1st Edition

From Critical Science to Solutions The Best of Scientific Solutions

By Richard Clapp Copyright 2012
    226 Pages
    by Routledge

    226 Pages
    by Routledge

    First Published in 2017. In this volume, the editor collected articles that primarily appeared in the “Scientific Solutions” section of New Solutions, A Journal of Environmental and Occupational Health Policy. The articles in the book are grouped into three general categories, starting with Critical Science. These articles are primarily critiques of “how science is done” or how science is incorporated into public health policy in the United States and elsewhere. The second category is what I have called Precautionary Science. These articles, such as the ones by Dement on asbestos and Solomon, and colleagues on the risks of manganese, essentially call for precautionary regulations to reduce exposures where there is substantial but, in the eyes of some, less than definitive scientific knowledge. The final category is Solutions Science. In some ways, this represents the current stage of precautionary science, where we have begun to look at larger societal issues and have moved beyond traditional scientific approaches and critiques.

    Section I

     Chapter 1. A Case Study of Pseudo-Science in Occupational Medicine
    Sven Ove Hansson

     Chapter 2. Endocrine Disruption Comes into Regulatory Focus
    Davis Baltz

     Chapter 3. The Relevance of Occupational Epidemiology to Radiation Protection Standards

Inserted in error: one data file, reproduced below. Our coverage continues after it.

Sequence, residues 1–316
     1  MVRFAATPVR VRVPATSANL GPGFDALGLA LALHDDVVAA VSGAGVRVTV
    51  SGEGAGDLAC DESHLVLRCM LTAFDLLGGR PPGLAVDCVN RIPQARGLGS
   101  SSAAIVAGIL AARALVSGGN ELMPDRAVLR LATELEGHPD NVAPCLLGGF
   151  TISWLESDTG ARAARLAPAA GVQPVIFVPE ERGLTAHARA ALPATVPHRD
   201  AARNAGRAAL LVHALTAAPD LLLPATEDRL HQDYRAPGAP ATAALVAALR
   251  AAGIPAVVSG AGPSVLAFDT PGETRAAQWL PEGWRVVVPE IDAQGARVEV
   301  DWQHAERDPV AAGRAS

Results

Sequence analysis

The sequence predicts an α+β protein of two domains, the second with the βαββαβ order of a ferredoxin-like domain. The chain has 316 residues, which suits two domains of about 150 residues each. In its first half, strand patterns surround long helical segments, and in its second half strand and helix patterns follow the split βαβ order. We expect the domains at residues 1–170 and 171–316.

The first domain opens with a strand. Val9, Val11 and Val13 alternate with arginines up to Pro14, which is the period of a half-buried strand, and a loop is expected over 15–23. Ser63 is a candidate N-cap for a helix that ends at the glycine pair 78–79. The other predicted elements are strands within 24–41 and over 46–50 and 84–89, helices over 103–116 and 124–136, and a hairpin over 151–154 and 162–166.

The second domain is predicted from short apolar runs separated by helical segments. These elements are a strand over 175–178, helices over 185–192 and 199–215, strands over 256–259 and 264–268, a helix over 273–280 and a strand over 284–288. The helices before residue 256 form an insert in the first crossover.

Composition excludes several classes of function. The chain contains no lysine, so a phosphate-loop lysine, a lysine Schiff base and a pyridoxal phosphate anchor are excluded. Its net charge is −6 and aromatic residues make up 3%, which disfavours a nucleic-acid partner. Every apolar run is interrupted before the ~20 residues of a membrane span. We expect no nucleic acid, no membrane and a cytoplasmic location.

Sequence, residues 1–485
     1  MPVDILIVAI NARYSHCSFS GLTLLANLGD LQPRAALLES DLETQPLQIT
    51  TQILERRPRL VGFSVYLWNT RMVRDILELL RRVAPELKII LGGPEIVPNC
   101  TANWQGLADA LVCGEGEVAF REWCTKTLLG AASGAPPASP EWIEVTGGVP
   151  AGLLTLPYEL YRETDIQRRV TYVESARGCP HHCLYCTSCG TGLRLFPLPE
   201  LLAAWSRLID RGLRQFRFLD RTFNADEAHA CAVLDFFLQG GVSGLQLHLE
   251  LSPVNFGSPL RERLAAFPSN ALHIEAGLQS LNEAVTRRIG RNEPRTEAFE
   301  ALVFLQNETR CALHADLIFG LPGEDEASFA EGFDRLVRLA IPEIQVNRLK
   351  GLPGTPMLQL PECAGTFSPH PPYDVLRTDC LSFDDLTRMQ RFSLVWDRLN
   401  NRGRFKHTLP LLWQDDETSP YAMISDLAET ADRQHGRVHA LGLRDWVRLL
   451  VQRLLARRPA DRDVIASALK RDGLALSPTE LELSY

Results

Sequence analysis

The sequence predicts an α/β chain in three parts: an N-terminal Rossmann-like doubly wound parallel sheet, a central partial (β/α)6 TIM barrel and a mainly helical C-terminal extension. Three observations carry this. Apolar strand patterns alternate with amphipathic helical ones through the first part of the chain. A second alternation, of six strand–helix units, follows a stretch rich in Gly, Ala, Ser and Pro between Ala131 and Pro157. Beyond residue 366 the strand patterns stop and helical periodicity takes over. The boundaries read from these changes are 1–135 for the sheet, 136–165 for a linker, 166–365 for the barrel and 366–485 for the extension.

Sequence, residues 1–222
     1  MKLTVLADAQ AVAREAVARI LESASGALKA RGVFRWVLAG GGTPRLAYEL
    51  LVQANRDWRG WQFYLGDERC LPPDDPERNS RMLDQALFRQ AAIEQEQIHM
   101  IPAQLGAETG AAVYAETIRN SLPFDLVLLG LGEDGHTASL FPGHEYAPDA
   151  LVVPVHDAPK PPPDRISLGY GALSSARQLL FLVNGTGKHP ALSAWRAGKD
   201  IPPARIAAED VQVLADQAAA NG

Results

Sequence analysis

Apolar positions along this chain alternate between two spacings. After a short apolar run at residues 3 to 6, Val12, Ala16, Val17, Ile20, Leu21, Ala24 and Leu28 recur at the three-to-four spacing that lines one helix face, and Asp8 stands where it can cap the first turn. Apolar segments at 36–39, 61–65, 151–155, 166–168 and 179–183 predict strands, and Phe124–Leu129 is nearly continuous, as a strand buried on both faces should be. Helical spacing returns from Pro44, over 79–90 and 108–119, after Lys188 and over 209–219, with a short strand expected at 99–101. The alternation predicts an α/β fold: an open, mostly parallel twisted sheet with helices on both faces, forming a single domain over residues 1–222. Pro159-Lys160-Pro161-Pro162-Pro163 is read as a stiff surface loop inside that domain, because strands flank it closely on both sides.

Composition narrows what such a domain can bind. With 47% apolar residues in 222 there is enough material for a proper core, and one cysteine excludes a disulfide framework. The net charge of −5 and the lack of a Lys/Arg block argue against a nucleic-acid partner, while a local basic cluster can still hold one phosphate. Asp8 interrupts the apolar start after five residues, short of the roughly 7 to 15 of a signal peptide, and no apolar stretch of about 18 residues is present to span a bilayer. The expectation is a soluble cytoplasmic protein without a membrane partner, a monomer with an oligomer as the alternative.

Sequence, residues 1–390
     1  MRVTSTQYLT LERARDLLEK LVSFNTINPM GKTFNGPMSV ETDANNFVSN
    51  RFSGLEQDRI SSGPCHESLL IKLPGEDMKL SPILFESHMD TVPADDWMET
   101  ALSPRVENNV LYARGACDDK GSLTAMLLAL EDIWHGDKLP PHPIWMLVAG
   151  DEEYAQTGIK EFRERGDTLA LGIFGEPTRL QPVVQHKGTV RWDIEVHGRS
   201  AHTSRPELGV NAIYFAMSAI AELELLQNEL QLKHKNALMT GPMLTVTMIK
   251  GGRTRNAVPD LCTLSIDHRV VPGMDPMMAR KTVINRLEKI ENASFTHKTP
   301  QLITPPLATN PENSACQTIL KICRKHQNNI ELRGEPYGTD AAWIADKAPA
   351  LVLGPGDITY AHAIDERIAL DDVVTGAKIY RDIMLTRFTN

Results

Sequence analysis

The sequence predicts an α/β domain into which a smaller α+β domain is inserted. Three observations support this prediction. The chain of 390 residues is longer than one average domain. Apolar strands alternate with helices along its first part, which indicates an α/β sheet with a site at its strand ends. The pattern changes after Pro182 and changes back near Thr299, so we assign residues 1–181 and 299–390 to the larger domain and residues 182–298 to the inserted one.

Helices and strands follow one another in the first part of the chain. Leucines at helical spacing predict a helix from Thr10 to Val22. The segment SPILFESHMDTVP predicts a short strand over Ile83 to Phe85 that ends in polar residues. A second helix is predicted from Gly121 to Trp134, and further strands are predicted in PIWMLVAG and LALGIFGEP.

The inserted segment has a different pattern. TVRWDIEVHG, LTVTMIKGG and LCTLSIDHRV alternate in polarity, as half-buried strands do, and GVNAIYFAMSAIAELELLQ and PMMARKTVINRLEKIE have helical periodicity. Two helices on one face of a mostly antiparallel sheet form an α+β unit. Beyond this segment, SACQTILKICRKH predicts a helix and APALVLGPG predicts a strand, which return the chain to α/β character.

Steve Wing, David Richardson, and Alice Stewart

     Chapter 4. Science is Not Sufficient: Irving J. Selikoff and the Asbestos Tragedy
    Jock McCulloch and Geoffrey Tweedale

     Chapter 5. Silenced Science: Air Pollution Decision-Making at the EPA Threatens Public Health
    Kathleen Rest

    Section II

     Chapter 6. PCBs in School—Persistent Chemicals, Persistent Problems
    Robert F. Herrick

     Chapter 7. Chrysotile Asbestos Exposure: Cancer and Lung Disease Risks
    John M. Dement

     Chapter 8. Manganese in Gasoline: Are We Repeating History?
    Gina M. Solomon, Annette M. Huddle, Ellen K. Silbergeld, and Joseph Herman

     Chapter 9. Describing Community Health Risks: Can Epidemiology be Improved?
    David Kriebel

     Chapter 10. Have Risks Associated with the Presence of Synthetic Organic Contaminants in Land-Applied Sewage Sludges Been Adequately Assessed?
    Robert C. Hale and Mark J. La Guardia

     Chapter 11. Are We Winning or Losing the War on Cancer? Deciphering the Propaganda of NCI’s 33-Year War
    Genevieve K. Howe and Richard W. Clapp

    Section III

     Chapter 12. What is Yet to Be Done
    Barry Commoner

     Chapter 13. Good Practice Guidelines for Occupational Health Research Funded by the Private Sector
    Margaret Quinn, Charles Levenstein, and Gregory F. DeLaurier

     Chapter 14. Factors Influencing Ergonomic Intervention in Construction: Trunkman Case Study
    Scott Fulmer, Lenore S. Azaroff, and Susan Moir

     Chapter 15. Green Chemistry in California: A Framework for Leadership in Chemicals Policy and Innovation
     Michael P. Wilson, Daniel A. Chia, and Bryan C. Ehlers

     Chapter 16. The Sustainability Solutions Agenda
    Dan Sarewitz, Dick Clapp, Cathy Crumbley, Polly Hoppin, Molly Jacobs, David Kriebel, and Joel Tickner

    Meet the Contributors



    Richard Clapp Boston University School of Public Health and University of Massachusetts-Lowell.